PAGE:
A TARDY DISPATCH FROM THE NY FILM FESTIVAL
Written & Directed by: Kiyoshi Kurosawa
Full credits from IMDb
Tokyo Sonata, a gentle and immaculately composed domestic drama, opens during a storm; as with Retribution’s earthquakes, Kurosawa uses weather conditions as stand-ins for cultural ones. Tokyo is in turbulent times; after blustering winds disturb a living room’s unpaperweighted papers, our protagonist, Teruyuki Kagawa, learns he’s been fired from his middle management position. Labor is cheaper in China, so the company is moving his job there. (Outsourcing is not exclusive to the West.) The physical condition of the city, as Kurosawa and his crew film it, mirrors its economy: set in the outskirts of central Tokyo, the film shows the city as an industrial, weedy, peeling-paint miseryland, where ramshackle houses pile on top of one another, surrounded by elevated trains and electrical wires that look like vines surrounding Mayan ruins. Lines at employment agencies stretch down several flights of stairwell.
So, broadly, Tokyo Sonata is about a city, but it’s also about a single family; Kurosawa tackles the cultural crisis by focusing on a representative sample. He shoots the central clan through open doorways; frequently obstructing our view enhances the voyeuristic intimacy. But squeezing his characters into frames within frames also enhances the feeling that times are tight. “We’re like a slowly sinking ship,” says Kagawa’s old friend and fellow unemployed in front of a flaming trashcan. “The lifeboats are gone, the water’s up to our mouths.” Kagawa keeps his unemployment a secret from his family, pretending to go to work each day while taking his meals under cold stone overpasses with the homeless and the crazy. Each member of his family has his or her own secret, too—his wife’s excursion, in which she contracts Stockholm Syndrome, with a home-invading burglar (Koji Yakusho); his youngest son’s furtive piano lessons, paid for with purloined lunch money; and his eldest boy’s desire to join the American Army’s noble, ahem, fight in Iraq.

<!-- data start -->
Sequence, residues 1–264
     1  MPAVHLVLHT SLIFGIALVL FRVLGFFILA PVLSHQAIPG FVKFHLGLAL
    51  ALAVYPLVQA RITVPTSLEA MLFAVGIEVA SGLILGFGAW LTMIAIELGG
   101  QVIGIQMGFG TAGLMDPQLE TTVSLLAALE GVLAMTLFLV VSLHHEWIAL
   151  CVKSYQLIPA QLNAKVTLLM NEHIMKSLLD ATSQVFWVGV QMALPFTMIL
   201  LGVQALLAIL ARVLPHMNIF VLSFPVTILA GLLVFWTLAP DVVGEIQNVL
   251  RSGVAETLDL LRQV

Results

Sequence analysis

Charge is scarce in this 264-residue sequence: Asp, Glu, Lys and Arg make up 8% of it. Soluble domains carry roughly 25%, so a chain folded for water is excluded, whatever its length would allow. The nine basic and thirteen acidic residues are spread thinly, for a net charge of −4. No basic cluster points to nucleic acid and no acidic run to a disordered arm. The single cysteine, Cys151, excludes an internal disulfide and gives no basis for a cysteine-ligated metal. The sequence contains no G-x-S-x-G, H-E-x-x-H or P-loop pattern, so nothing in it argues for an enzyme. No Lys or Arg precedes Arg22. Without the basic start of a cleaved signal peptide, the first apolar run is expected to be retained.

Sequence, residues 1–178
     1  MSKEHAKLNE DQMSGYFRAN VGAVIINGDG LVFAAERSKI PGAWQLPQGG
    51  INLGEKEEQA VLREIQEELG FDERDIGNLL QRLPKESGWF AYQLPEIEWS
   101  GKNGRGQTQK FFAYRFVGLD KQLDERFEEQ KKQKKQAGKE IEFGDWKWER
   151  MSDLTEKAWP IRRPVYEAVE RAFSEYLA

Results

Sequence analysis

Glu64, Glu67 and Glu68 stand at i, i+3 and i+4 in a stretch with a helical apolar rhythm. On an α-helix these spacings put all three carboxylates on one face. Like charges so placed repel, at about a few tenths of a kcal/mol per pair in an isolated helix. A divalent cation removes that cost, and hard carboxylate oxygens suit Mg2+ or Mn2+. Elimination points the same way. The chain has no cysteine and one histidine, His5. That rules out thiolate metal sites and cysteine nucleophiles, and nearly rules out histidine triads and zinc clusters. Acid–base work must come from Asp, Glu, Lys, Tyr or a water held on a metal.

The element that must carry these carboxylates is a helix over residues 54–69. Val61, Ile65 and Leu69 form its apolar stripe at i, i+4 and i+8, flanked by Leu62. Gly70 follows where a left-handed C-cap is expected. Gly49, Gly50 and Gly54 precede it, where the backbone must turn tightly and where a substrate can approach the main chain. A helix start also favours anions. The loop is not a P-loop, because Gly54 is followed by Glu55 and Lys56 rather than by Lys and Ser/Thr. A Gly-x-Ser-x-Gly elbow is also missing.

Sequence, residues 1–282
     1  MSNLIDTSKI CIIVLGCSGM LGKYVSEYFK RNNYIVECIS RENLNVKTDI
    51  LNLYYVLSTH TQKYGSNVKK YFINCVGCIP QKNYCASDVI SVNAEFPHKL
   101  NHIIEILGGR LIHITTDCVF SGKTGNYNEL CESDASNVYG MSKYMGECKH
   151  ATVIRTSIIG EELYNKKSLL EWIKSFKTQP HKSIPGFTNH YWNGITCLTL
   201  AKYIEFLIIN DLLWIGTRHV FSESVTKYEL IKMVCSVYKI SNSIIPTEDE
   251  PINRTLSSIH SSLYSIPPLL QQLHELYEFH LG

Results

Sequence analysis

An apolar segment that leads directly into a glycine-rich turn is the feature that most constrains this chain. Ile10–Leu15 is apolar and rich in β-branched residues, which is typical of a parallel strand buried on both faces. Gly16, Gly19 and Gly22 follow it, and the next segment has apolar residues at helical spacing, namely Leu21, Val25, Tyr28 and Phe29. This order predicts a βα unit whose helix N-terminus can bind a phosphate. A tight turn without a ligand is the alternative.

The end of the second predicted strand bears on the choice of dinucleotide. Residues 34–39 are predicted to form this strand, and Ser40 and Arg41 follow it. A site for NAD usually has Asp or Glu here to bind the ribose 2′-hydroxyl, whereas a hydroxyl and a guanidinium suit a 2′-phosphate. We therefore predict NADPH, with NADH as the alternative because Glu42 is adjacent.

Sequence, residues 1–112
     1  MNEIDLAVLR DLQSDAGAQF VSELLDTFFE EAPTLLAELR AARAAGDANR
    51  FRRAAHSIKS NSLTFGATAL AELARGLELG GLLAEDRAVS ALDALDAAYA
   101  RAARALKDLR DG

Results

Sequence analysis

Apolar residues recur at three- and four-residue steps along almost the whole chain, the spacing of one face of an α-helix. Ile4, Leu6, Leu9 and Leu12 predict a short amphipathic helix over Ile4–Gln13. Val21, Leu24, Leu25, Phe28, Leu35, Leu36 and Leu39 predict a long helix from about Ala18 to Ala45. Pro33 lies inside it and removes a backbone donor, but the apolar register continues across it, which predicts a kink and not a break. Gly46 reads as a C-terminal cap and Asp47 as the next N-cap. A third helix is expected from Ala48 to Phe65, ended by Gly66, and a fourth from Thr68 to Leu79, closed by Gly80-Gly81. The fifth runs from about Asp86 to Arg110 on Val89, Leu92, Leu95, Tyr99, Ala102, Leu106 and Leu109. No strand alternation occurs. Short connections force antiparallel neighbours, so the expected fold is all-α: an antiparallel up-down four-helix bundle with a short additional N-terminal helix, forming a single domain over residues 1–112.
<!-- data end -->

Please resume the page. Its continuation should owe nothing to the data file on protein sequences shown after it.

Kagawa’s economic condition drives him to seething bitterness, to a point that he starts to resemble a certain maverick senator: he promises to give his piano prodigy some “straight talk”; he hypocritically berates his boy for a failing that he shares (lying); and he won’t back down from his absurd positions for the sake of maintaining appearances. But the father’s failure to provide for his family doubles as an allegory for a government failing to protect its people—and an America failing to protect the globe. Following a startling moment of domestic violence, Kurosawa cuts to a news-broadcast announcing The Surge. As in (my reading of) Retribution, the Iraq War becomes an essential subtext. “If America has a problem, Japan’s directly affected,” G.I. Joe-san tells his father, indicating that the failing economy and endless war here in the U.S. help drive the whole world into penury and (“home front”) violence. Not just an attack on the policies of Bush and his potential successor, though, Tokyo Sonata functions at a basic human-level; it’s about how, when conditions reach a breaking point, everyone’s instinct is to run away and start over. But starting over, Kurosawa suggests, has to happen at home. Grade: A
Watch the (Japanese) trailer: